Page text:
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Am J Respir Crit Care Med. 2011 Aug 1;184(3):312-6. doi: 10.1164/rccm.201012-2070OC. Epub 2011 Apr 21.

Observational study of inhaled corticosteroids on outcomes for COPD patients with pneumonia.

Author information

  • 1VERDICT/South Texas Veterans Health Care System, San Antonio, TX 78229, USA.

Abstract

RATIONALE:

Treatment with inhaled corticosteroids (ICS) for those with chronic obstructive pulmonary disease (COPD) has been shown to be associated with an increased incidence of pneumonia. However, it is unclear if this is associated with increased mortality.

OBJECTIVES:

The aim of this study was to examine the effects of prior use of ICS on clinical outcomes for patients with COPD hospitalized with pneumonia.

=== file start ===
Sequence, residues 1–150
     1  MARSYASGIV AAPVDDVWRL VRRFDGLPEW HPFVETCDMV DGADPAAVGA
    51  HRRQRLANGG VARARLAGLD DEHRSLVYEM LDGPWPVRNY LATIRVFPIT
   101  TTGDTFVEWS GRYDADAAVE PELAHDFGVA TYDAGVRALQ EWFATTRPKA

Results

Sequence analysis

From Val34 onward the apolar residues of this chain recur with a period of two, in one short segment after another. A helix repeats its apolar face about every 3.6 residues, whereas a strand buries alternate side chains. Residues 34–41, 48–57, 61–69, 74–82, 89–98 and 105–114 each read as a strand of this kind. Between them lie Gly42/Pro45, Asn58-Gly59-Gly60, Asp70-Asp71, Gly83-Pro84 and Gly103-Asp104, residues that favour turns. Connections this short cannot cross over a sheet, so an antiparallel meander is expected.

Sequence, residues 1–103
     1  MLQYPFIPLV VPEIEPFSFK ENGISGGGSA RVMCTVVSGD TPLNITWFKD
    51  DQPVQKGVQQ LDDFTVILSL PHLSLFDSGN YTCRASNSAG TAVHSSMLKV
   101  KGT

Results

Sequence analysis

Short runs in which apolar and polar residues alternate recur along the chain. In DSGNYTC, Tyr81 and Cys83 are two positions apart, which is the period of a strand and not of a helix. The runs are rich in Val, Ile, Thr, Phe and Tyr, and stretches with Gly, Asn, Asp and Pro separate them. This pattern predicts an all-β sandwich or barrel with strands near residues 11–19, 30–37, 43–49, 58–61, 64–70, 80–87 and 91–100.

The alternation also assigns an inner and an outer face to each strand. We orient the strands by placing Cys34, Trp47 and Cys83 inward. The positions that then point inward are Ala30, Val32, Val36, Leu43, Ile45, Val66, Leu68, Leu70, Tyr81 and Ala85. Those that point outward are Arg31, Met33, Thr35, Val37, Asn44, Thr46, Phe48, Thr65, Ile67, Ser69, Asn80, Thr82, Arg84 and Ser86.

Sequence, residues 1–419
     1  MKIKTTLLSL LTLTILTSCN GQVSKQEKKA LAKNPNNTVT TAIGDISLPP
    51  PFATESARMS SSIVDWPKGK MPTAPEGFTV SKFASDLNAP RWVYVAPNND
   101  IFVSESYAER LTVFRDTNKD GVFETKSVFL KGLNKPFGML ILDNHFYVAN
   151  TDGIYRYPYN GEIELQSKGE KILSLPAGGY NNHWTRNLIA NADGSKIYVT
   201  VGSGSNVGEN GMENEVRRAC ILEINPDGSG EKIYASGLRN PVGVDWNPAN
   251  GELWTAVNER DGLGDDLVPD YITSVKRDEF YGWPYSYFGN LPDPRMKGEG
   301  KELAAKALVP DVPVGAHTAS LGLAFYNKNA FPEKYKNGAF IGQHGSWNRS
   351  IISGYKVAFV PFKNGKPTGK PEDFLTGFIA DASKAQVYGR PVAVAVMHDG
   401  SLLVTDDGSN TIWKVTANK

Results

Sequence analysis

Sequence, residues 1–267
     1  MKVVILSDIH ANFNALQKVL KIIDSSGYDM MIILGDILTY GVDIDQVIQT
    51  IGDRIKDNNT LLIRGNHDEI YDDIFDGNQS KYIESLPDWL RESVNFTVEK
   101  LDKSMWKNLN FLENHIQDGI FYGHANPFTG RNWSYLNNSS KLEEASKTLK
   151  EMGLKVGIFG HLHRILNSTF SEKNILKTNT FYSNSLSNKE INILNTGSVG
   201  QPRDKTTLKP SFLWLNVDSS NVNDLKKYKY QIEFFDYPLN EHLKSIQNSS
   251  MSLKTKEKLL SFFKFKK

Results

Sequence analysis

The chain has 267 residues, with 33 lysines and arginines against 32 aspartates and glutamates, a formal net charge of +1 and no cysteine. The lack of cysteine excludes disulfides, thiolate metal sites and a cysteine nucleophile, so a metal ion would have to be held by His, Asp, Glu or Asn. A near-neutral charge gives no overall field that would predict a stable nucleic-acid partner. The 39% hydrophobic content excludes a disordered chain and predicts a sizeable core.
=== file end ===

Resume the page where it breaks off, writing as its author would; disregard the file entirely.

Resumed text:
METHODS:

We conducted a retrospective cohort study using the national administrative databases of the Department of Veterans Affairs. Eligible patients had a preexisting diagnosis of COPD, had a discharge diagnosis of pneumonia, and received treatment with one or more appropriate pulmonary medications before hospitalization. Outcomes included mortality, use of invasive mechanical ventilation, and vasopressor use.

MEASUREMENTS AND MAIN RESULTS:

There were 15,768 patients (8,271 with use of ICS and 7,497 with no use of ICS) with COPD who were hospitalized for pneumonia. There was also a significant difference for 90-day mortality (ICS 17.3% vs. no ICS 22.8%; P < 0.001). Multilevel regression analyses demonstrated that prior receipt of ICS was associated with decreased mortality at 30 days (odds ratio [OR] 0.80; 95% confidence interval [CI], 0.72-0.89) and 90 days (OR 0.78; 95% CI, 0.72-0.85), and decreased use of mechanical ventilation (OR 0.83; 95% CI, 0.72-0.94). There was no significant association between receipt of ICS and vasopressor use (OR 0.88; 95% CI, 0.74-1.04).

CONCLUSIONS:

For patients with COPD, prior use of ICS is independently associated with decreased risk of short-term mortality and use of mechanical ventilation after hospitalization for pneumonia.

Comment in

PMID:
21512168
[PubMed - indexed for MEDLINE]
PMCID:
PMC3175534
Free PMC Article

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